Moeen has taken only three wickets in the Ashes series and averages 19 with the bat
Fifth Ashes Test, Australia v England
Venue: Sydney Cricket Ground Dates: 4-8 January
Coverage: Ball-by-ball Test Match Special commentary on BBC Radio 5 live sports extra, Radio 4 LW, online, tablets, mobiles and BBC Sport app. Live text commentary on the BBC Sport website.

All-rounder Moeen Ali is still “absolutely” part of England’s best side, says wicketkeeper Jonny Bairstow.

The 30-year-old has struggled in the Ashes series, taking only three wickets with his off-spin and averaging 19 with the bat in the four Tests played.

“There are not many finger spinners that come to Australia and bowl sides out,” said Bairstow.

“It’s important that we get behind Mo. His talent and capability are not in question.”

England had already lost the Ashes before drawing the fourth Test in Melbourne.

At the MCG, Moeen bowled 25.2 wicketless overs and hit 20 from 14 skittish deliveries, during which time he was dropped off the bowling of Nathan Lyon, and then caught at short cover off the same man.

The Worcestershire all-rounder has played 48 Tests since making his debut in 2014. He has scored five centuries and taken 131 wickets.

In the home summer against South Africa, he became the second-fastest England player to reach 2,000 runs and 100 wickets.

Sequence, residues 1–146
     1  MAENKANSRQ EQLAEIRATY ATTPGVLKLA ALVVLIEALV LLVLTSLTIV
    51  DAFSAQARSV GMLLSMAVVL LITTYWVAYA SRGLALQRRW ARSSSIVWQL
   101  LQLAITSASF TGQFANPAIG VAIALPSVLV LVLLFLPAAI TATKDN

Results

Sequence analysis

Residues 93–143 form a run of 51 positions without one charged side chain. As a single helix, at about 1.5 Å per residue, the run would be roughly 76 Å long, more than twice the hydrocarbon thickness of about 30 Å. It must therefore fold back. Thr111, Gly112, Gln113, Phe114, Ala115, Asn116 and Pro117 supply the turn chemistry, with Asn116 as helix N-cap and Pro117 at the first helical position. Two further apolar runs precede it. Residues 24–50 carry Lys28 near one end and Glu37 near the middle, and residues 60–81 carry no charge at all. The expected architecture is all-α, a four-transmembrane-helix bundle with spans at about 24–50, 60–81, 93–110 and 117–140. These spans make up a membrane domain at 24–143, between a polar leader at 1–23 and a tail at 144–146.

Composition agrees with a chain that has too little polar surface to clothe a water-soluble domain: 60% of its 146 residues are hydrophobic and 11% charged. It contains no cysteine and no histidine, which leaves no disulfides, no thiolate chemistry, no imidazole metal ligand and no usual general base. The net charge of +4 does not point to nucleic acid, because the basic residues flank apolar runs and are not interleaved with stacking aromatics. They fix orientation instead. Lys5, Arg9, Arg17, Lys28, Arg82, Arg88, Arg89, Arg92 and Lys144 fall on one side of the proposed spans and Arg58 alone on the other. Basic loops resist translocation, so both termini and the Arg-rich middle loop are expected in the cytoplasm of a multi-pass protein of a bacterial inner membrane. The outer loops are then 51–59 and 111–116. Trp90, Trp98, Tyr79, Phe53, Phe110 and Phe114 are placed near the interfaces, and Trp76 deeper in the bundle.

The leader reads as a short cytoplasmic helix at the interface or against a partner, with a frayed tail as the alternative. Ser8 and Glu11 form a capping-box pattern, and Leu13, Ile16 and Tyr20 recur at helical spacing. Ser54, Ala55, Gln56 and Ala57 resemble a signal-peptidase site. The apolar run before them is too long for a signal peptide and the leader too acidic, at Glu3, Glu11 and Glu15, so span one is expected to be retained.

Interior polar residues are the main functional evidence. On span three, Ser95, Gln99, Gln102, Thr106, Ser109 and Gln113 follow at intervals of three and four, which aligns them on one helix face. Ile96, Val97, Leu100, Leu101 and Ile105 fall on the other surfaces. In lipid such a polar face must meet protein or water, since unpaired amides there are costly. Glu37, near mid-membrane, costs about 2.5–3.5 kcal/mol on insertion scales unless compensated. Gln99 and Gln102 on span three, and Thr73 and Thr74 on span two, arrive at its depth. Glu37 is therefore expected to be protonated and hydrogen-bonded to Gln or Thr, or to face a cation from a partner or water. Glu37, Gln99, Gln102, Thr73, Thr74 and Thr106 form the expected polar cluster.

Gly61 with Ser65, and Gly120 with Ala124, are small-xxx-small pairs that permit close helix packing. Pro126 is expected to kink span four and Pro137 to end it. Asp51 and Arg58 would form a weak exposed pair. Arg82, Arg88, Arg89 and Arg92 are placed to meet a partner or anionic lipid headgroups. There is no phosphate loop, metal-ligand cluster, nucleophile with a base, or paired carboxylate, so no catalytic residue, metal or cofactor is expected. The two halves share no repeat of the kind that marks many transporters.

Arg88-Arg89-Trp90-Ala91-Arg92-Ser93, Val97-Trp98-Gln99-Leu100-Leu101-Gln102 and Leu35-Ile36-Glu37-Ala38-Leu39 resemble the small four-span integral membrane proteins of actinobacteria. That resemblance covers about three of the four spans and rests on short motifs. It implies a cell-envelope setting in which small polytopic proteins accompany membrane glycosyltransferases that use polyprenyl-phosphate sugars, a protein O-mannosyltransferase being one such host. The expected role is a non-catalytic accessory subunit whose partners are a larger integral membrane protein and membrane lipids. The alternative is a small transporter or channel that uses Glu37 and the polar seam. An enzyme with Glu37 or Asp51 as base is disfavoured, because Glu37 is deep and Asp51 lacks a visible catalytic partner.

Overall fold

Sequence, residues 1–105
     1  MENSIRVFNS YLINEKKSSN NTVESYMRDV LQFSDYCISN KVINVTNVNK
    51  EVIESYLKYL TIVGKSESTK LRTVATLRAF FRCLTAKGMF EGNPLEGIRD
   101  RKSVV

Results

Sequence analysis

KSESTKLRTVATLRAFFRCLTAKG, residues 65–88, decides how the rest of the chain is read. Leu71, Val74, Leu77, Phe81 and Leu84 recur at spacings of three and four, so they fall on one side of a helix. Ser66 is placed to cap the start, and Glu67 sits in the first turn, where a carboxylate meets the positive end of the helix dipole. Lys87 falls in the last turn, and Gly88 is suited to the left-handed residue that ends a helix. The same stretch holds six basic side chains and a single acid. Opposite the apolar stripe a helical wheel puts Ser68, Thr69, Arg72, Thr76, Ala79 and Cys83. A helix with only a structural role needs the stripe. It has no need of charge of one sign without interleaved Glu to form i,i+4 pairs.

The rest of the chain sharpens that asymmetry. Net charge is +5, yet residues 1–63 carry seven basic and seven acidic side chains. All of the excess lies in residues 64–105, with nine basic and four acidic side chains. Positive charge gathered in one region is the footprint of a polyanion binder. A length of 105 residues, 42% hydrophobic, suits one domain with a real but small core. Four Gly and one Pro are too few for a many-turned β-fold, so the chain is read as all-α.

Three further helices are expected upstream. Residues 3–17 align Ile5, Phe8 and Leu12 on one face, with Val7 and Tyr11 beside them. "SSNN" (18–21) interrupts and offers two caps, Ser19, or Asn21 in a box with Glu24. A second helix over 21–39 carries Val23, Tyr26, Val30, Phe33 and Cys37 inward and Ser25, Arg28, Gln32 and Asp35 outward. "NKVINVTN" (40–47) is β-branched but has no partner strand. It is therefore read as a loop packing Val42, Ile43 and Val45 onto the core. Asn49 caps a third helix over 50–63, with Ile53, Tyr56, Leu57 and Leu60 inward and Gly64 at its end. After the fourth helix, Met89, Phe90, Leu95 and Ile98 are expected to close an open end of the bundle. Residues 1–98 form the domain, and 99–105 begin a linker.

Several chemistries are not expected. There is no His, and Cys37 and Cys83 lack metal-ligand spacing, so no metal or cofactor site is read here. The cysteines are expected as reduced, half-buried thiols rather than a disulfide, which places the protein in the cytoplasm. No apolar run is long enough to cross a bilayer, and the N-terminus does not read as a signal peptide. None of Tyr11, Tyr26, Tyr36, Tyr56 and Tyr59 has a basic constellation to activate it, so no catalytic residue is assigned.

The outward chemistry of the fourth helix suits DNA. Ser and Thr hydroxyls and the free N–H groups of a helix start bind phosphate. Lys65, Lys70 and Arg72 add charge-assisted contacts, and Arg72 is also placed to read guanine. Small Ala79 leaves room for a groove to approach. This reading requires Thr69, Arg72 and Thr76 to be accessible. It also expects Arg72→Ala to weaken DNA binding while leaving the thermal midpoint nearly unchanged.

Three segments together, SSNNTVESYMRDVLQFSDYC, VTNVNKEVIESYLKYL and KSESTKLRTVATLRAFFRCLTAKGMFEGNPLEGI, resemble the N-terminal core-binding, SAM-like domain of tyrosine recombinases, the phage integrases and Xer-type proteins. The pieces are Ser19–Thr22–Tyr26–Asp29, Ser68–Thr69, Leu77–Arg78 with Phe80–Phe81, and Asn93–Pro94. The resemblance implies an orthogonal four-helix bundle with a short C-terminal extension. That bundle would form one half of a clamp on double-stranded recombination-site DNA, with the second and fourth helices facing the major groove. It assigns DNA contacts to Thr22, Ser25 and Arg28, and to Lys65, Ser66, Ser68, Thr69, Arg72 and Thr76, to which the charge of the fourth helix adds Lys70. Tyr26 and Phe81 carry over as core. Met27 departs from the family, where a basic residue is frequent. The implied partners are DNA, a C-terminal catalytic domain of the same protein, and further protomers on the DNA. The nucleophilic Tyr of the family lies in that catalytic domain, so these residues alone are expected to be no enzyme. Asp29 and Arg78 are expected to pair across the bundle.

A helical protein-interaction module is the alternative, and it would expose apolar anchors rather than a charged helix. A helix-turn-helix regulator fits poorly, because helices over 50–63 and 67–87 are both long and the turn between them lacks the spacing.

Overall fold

“It was only two months ago that we were talking about him as one of the best all-rounders in the world,” England coach Trevor Bayliss told BBC Sport.

“He’s just like any other player – sometimes you don’t take the wickets or score the runs that you would like. I’ve got full confidence in him going forward.”

Australia will take a 3-0 lead into Thursday’s fifth and final Test in Sydney, a ground that often aids spin bowlers.

However, ex-England captain Michael Vaughan has said it would be the “right thing” to omit Moeen, while former spinner Graeme Swann “can’t see how” the all-rounder fits into the team.

Both have advocated handing a debut to 20-year-old leg-spinner Mason Crane.

Bairstow, though, said England would not be making changes for the sole reason of experimenting in a dead rubber.

“You have to play your best team,” said the Yorkshire keeper. “We’re still in it to win games of cricket.

“Whether Mason plays, or whoever it is, the 11 that go out are there to win the Test.

“Yes, the series has gone, but you can see from the spirit we showed in the last Test, by no means is the foot off the gas.”

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